x Abu Dhabi, UAEWednesday 26 July 2017

UAE victims of human-trafficking assured of legal rights

After much wrangling over the language of the human trafficking law, it is ready to go to the president.

ABU DHABI // Legal rights have been secured for victims of human trafficking after a long debate between the FNC and government officials.

Amendments were made to the 2006 trafficking law to help the UAE adhere to the Palermo agreement, an international legal protocol attached to the UN Convention against Transnational Organised Crime.

But the amendments did not come without a struggle, as council members feared changing the wording of the law would allow prostitution to be labelled as trafficking.

Protection to witnesses was also limited after the government officials protested. Council members voted to include beggars under the umbrella of trafficked victims.

But most of the three-hour debate - among the FNC, Dr Anwar Gargash, the Minister of State for FNC Affairs and head of the National Centre to Combat Human Trafficking, and Dr Hadef Al Dhaheri, the Minister of Justice - was spent on how the law defines a victim.

While the human trafficking committee wanted to keep all references as daheya, or victim, many council members insisted on using majni alayhim, stipulating that the victim could be prosecuted for other crimes. Daheya gives the victim legal protection.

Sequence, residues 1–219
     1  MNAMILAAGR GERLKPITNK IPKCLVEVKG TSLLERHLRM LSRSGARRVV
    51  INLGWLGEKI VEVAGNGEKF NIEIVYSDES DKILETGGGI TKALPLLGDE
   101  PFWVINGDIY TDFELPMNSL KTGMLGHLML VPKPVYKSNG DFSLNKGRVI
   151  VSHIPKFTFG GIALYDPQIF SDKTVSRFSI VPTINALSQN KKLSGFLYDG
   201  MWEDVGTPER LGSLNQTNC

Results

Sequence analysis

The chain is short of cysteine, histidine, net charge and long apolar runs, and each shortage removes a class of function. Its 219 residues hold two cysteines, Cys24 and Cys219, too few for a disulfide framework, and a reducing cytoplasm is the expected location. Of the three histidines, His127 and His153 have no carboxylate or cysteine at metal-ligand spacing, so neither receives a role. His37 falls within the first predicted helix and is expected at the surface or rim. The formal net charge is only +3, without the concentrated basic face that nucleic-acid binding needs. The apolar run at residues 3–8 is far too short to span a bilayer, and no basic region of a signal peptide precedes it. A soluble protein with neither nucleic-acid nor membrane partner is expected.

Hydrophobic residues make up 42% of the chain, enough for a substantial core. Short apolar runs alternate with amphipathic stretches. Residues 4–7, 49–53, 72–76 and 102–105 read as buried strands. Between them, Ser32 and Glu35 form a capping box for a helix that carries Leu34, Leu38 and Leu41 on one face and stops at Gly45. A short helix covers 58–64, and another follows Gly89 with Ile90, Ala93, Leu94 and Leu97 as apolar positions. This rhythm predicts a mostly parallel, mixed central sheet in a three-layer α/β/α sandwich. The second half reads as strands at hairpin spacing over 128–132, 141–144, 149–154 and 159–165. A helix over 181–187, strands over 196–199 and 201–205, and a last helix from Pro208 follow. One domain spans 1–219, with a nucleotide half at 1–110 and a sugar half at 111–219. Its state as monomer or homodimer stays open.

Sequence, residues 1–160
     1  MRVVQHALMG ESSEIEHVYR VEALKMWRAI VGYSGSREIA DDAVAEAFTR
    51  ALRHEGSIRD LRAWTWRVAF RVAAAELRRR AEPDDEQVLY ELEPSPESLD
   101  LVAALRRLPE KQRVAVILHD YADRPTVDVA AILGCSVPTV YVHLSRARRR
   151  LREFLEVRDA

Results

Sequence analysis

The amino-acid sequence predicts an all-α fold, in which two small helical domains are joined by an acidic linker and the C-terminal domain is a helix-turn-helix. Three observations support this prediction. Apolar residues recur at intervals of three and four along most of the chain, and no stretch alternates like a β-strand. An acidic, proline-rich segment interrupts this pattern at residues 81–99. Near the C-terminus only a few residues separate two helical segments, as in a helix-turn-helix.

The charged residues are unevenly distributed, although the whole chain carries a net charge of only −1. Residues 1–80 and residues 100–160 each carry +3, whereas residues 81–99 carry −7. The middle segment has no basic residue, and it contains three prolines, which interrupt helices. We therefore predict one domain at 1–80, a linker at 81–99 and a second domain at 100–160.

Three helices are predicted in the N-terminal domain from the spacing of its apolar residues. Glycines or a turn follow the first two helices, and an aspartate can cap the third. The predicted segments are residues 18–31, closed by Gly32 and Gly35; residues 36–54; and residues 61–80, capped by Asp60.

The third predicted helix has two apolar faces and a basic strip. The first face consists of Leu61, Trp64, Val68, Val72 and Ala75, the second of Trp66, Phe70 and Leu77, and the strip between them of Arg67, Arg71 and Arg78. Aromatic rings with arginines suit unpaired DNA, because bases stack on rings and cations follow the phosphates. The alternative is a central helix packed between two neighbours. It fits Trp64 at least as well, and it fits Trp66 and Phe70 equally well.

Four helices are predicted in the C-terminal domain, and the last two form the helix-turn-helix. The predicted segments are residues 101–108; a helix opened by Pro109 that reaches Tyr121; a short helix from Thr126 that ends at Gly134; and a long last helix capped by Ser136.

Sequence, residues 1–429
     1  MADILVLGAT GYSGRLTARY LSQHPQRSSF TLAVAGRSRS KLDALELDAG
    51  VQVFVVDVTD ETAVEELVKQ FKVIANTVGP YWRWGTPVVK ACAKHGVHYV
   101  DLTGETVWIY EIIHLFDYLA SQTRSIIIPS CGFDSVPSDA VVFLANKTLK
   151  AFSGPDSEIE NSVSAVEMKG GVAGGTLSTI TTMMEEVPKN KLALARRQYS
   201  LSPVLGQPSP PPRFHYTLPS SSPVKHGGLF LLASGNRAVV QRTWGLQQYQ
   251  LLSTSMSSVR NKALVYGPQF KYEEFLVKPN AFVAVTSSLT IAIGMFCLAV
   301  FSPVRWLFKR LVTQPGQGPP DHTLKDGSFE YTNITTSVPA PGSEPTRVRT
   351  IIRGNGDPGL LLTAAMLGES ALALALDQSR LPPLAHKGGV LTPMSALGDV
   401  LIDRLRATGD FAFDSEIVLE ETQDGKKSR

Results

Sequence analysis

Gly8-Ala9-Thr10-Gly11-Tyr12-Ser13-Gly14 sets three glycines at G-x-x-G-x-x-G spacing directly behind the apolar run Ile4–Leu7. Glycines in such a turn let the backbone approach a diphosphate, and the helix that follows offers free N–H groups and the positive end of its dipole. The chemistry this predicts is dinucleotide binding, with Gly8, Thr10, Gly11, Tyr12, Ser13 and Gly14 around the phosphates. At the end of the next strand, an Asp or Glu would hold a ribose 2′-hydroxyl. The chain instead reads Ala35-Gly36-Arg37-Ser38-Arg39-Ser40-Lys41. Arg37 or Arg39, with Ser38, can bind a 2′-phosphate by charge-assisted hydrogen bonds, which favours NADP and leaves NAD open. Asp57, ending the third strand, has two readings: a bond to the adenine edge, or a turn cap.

"We will go backwards if we use the term majni alayhim instead of daheya," Dr Gargash said.

Ahmed Al Zaabi (Sharjah) said using daheya would "open the door to anyone to come here and be free from punishment".

Mr Al Zaabi said most human-trafficking cases in the country were of sexual exploitation.

Dr Gargash assured him it was not simple to turn a prostitution case into a trafficking case.

"It is very complicated," he said. "Do not think this means we will have hundreds of cases. Every year we have about 30 or 25 cases."

Afra Al Basti (Dubai), who works at the Dubai Foundation for Women and Children, which deals with trafficking victims, agreed with Dr Gargash.

Ms Al Basti said there were a string of requirements for a case to be considered human trafficking.

"We cannot call prostitutes victims. We should not have a fear for this," she said. "Human trafficking cases are different. I say this is a humanitarian crime and they are daheya, not majni alayhim."

A majority later voted to keep daheya.

But the Government was not as successful in convincing the council not to include beggars under the umbrella of trafficked victims.

They will now enjoy the same benefits as a victim if it is found that they were brought into the country against their will.

The Government's main objection was that the addition of beggars would pose a financial burden, but members said it had become a trade that needed to be stopped.

The amendments will now be passed to the President Sheikh Khalifa for final approval.

osalem@thenational.ae